Last week, my serial novel ‘Twicebound‘ got an upgrade. I bit the bullet and hired an artist to create some chapter-header art for it. (if you read ‘Twicebound’ you know all about it already) It looks awesome and has gotten compliments from quite a few readers already.
But this post isn’t about ‘Twicebound’. It’s about artwork. Specifically, the difference good artwork can make on your story. The ‘Twicebound’ header art is just one example of how big a difference it can be.
A lot of authors (myself included) dislike the mandatory nature of book artwork. Now, don’t get me wrong; I love beautiful covers and illustrations (most authors do). The problem we have is that people are more likely to pick up poorly written books with high-quality art than books that are well written but have low-quality art (or none).
Your book has been edited by three well-known professionals? It’s been formatted with painstaking precision? Every reviewer you’ve sent an ARC has raved about it? That’s great. But if you put a stock art cover on it, no reader is ever going to pick it up, not when vast hordes of books with gorgeous cover art are competing with your book. The fact that your book is far better written than those other books isn’t going to help you.
Why is this? Good question. I don’t have a good answer for you. It could be because our snap-decision buying habits give precedence to a gripping picture instead of well-formulated blurbs. It could be that we subconsciously think that a writer who put the effort into getting a beautiful illustrations for his book is more likely to have put the effort into writing a good book. It could be a lot of things. Frankly, though, it doesn’t matter WHY. What matters is that it IS.
We’re writers; the covers and illustrations are part of our books, whether we like it or not. So, put as much effort into making your book look good as you put into making it sound good.
Here are two examples, of my own experience.
These are screen-shots of an installment of ‘Twicebound’ from a few weeks ago. The first is the actual episode post, while the second is the Twitter announcement of it. The third is how Tweet view results. (the engagement rate is 1.5%)
Sure, the readers really enjoy the serial, if the comments are anything to go by. There’s no denying, though, that the wall of text just isn’t… interesting. At first glance, anyway, which is important for getting new readers. And the Tweet… well, the Tweet is just boring. No ‘grab’ to it, at all. The statistics bear that out.
These pictures are the same thing, just with the newest installment of the novel. The one with the new chapter-header artwork. If that isn’t a massive improvement… I don’t know what is. It’s eye-catching, intriguing, and just looks good. And the numbers agree with me. The engagement rate over four days (at the last check) is around 4% and the total impressions almost doubled. Now, that doesn’t sound majorly impressive, except for one thing: the percentage for the first day was over 10% engagement at around 90 impressions. THAT is an improvement.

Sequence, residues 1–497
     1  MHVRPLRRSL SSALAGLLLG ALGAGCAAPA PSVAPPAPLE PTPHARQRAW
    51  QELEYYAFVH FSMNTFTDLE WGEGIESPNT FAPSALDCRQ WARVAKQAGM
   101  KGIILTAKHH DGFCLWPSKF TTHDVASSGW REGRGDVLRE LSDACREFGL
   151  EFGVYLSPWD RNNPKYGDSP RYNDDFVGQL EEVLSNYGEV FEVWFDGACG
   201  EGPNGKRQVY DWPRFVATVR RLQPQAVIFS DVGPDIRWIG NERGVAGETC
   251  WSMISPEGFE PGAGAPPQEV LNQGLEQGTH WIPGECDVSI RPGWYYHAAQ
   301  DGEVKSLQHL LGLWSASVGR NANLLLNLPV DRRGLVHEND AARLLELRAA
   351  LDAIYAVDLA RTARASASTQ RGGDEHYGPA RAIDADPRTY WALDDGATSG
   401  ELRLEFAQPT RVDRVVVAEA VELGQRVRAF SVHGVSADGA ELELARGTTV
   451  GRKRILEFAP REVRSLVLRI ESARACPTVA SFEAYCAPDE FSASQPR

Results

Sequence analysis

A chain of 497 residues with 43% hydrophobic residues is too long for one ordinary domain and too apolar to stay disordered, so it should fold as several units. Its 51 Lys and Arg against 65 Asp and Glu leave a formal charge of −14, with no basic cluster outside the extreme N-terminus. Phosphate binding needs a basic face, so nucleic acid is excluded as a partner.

Of course, numbers might not mean a lot to some people. I just happen to be a numbers kind of guy. If you want an example with visual punch, here’s one.
This is the original cover for my short story “Pyramid 76”. I finished the story and had to have a cover to publish it with, so I whipped this one up on Paint. It’s a standard self-published, no-effort placeholder. My beta-reader hated it. With a vengeance. With good reason. Would YOU want to read it? Especially with THIS…
… as the competition? After several months of letting Pyramid 76 languish with the garbage cover I’d rushed through, I finally got around to collecting the props necessary to create a new cover. I took photos, selected the best one, then edited four different end results in GIMP. Then, I let readers select their favorite and replaced the old cover with the new one.
The improvement here requires very large numbers and a mathematics degree to calculate it properly, if you ask me. The original cover is a object lesson in what not to do with your cover. The new one is cool, meaningful, and draws attention to the story in the best way possible.
As I’ve said before, the cover is part of your book; make it perfect.
What do you think? Did I forget something? Have you had a similar experience with your book? Have you ever turned down a book because of a bad cover?